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Composting At Home

When I was growing up, I saw my dad collecting fruit and vegetable scraps for his compost pile. When it was ready,he was so happy to use it for his garden. Thanks to him, I could easily understand the benefits of composting.

First, what is composting?

Composting is a natural process of recycling organic material like fruits, vegetables, grass clipping, paper and more. Once the decomposition starts, the organics transform into a natural source of nutrients for your soil.

Reasons why you should compost at home:

1. Enriches your soil

Some gardeners call compost “black gold” because it is so valuable for increasing the fertility

of the soil!

Composting at home retains your soil’s moisture. You provide the plants in your garden a

source of moisture and nutrients. Compost encourages the production of beneficial bacteria

and fungi that break down organic matter to create humus, a rich nutrient-filled material.

With a good layer of compost, you reduce the need for watering, and you also prevent

weeds from growing.

2. Keeps chemical out of your garden

You won’t need chemical fertilizers anymore because compost naturally contains balanced

amounts of nitrogen, phosphorous and potassium. It provides the beneficial microorganisms

necessary for a healthy soil.

3. Lowers your carbon footprint

According to the Environmental Protection Agency, food scraps and yard waste together

currently make up more than 28 percent of what we throw away, and should be composted

instead. Composting at home helps to reduce methane emission from landfills.

4. Saves you money

Less watering means lower water bills. You also save money by not using chemical fertilizers.

How to compost at home?

First, you will need 3 basic ingredients:

- Browns: dead leaves, branches and twigs. They provide carbon to your compost.

- Greens: grass clippings, vegetable waste, fruit scraps and coffee grounds. They provide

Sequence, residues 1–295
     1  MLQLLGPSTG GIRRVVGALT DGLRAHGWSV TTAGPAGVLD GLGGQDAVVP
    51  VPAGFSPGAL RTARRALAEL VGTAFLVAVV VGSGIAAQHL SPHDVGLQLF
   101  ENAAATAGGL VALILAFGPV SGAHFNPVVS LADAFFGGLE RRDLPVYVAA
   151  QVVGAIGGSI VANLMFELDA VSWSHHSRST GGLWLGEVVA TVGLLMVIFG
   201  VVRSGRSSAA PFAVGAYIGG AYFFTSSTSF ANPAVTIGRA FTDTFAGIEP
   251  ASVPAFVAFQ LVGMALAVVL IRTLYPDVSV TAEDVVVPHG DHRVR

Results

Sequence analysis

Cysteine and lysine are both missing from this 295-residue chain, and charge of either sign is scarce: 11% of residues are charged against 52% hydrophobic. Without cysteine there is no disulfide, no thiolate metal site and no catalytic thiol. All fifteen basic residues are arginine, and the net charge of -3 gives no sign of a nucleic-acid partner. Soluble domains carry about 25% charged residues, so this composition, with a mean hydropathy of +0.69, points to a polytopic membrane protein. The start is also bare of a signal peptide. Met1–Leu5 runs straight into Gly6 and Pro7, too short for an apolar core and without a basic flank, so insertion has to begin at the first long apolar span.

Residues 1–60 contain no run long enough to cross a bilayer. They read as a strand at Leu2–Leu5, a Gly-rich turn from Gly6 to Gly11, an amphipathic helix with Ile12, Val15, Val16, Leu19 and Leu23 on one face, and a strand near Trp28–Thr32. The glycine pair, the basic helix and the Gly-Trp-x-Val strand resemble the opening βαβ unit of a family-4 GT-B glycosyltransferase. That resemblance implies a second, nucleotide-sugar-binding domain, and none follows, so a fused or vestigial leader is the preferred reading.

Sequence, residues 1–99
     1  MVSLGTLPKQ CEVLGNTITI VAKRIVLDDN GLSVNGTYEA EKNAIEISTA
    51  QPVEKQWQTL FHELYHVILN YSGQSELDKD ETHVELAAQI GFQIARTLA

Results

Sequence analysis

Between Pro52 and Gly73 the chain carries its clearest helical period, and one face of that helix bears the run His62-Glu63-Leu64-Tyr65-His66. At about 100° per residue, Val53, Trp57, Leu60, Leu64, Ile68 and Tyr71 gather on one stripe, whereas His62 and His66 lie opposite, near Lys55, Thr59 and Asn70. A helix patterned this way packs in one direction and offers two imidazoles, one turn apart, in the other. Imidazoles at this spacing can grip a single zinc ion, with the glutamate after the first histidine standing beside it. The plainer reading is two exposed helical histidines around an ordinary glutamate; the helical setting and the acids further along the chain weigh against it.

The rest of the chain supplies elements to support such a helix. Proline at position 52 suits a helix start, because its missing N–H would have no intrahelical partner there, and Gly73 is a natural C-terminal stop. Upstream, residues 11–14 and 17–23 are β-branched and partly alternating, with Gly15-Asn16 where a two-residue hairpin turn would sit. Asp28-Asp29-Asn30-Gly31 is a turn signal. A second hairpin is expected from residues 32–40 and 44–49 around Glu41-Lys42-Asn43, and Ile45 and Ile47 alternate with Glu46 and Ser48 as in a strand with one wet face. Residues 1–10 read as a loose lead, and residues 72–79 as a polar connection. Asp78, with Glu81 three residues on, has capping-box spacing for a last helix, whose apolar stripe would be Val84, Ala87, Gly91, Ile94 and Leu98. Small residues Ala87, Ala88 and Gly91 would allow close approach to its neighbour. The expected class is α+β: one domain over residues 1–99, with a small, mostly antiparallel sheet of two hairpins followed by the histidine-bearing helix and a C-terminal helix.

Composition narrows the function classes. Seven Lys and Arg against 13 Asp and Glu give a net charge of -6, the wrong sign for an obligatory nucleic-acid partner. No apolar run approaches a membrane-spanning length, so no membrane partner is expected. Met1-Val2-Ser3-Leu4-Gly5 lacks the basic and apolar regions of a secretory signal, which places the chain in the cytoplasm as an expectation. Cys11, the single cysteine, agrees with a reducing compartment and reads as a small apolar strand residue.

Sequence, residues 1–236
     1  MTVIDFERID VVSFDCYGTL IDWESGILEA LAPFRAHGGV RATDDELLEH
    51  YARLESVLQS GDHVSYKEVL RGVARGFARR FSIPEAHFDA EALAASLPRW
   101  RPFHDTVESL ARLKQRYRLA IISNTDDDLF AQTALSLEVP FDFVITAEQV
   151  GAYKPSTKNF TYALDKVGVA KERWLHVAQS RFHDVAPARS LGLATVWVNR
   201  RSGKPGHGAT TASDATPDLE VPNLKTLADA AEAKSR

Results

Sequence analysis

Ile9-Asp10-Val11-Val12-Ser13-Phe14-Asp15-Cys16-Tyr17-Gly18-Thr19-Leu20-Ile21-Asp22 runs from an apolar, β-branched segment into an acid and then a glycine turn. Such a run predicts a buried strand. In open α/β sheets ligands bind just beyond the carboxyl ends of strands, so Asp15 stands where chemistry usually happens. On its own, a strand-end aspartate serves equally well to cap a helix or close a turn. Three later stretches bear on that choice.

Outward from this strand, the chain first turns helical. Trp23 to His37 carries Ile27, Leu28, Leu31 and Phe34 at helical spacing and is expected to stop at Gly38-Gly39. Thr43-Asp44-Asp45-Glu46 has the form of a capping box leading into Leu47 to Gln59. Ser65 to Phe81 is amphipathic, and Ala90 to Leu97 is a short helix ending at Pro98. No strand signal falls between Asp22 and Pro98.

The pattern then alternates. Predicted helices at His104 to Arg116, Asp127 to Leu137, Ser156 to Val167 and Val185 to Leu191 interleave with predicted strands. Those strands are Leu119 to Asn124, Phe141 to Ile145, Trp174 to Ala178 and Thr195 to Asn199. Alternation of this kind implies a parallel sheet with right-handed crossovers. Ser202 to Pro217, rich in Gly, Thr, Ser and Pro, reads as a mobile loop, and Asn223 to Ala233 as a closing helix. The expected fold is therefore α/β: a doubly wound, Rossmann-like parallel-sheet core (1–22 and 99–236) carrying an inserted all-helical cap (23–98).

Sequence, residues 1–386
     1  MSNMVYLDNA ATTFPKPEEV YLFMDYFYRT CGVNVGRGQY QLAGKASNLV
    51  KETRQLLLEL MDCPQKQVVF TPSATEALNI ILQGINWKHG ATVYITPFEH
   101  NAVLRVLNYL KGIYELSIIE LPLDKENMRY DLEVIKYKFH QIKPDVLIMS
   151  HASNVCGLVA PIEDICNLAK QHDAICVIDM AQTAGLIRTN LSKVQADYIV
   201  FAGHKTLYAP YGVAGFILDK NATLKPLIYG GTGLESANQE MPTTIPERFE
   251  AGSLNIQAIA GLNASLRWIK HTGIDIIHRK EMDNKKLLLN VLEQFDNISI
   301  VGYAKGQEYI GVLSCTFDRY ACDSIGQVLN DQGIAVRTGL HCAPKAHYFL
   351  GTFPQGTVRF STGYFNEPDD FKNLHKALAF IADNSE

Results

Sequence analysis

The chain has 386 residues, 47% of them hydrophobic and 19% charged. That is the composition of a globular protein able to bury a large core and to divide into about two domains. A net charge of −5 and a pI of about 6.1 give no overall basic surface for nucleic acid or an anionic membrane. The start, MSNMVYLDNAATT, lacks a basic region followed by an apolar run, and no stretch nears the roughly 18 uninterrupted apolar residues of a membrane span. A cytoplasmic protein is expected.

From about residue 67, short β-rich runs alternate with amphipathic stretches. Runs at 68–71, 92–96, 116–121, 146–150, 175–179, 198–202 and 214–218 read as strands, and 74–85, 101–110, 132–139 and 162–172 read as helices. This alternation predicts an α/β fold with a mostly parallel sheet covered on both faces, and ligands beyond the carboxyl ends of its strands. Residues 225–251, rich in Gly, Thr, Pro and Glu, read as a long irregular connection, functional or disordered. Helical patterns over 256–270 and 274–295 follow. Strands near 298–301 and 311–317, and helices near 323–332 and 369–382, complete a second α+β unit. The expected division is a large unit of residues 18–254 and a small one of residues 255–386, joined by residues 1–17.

nitrogen to your compost.

- Water : provides moisture to help the process of decomposition.

Having an equal amount of browns to greens and the right amount of water is important for compost development.

Backyard Composting

1. If you have a backyard, the first thing to do is to select a dry and shady spot near a water


2. As you are collecting brown and green materials, add them in layers to your compost pile,

making sure larger pieces are chopped or shredded. Don’t forget to moisten dry materials.

3. Once you have established your compost pile, add mix grass clippings and green waste into the pile and bury fruit and vegetable waste under 10 inches of compost material.

4. Keep you compost pile moist. You can water occasionally or let the rain do the job. You can also cover the top of the pile to help retain moisture and heat, two essentials for compost.

5. Turn every week to aerate the pile. Oxygen is required for the decomposition process to work.

6. How do you know your compost is ready? When you see the bottom of your compost pile

dark and rich in color, it means that your compost is ready to use!

Indoor Composting:

If you don’t have a backyard, space for an outdoor compost pile, or you just want to try composting indoors, for example, during the winter, you can use a special type of bin. You can buy one at a local hardware store, gardening supplies store, or make yourself.

1. First, add a layer of soil to your composter.

2. Add enough newspaper on top of the soil to cover the layer of soil. Il will help absorb excess

liquid and speed up the composting process.

3. Save your food scraps in a separate container and mix them with shredded newspaper.

4. Add the mixture to the composter.

5. Mix the compost and add new soil once a week.

6. When you compost bin is filled, wait at least one week to make sure all the food scraps have been composted.

Remember that when a compost bin is properly managed, it will not attract pests or rodents and will not smell bad.

If you are looking to purchase one, rather than make one, here is a great review of 6 of the most popular indoor composting bins:

#organic #goodseedgarden #compost #chemicalfree

Delphine Seguy
Delphine Seguy

Written by Delphine Seguy,

currently an intern with

Good Seed Garden.

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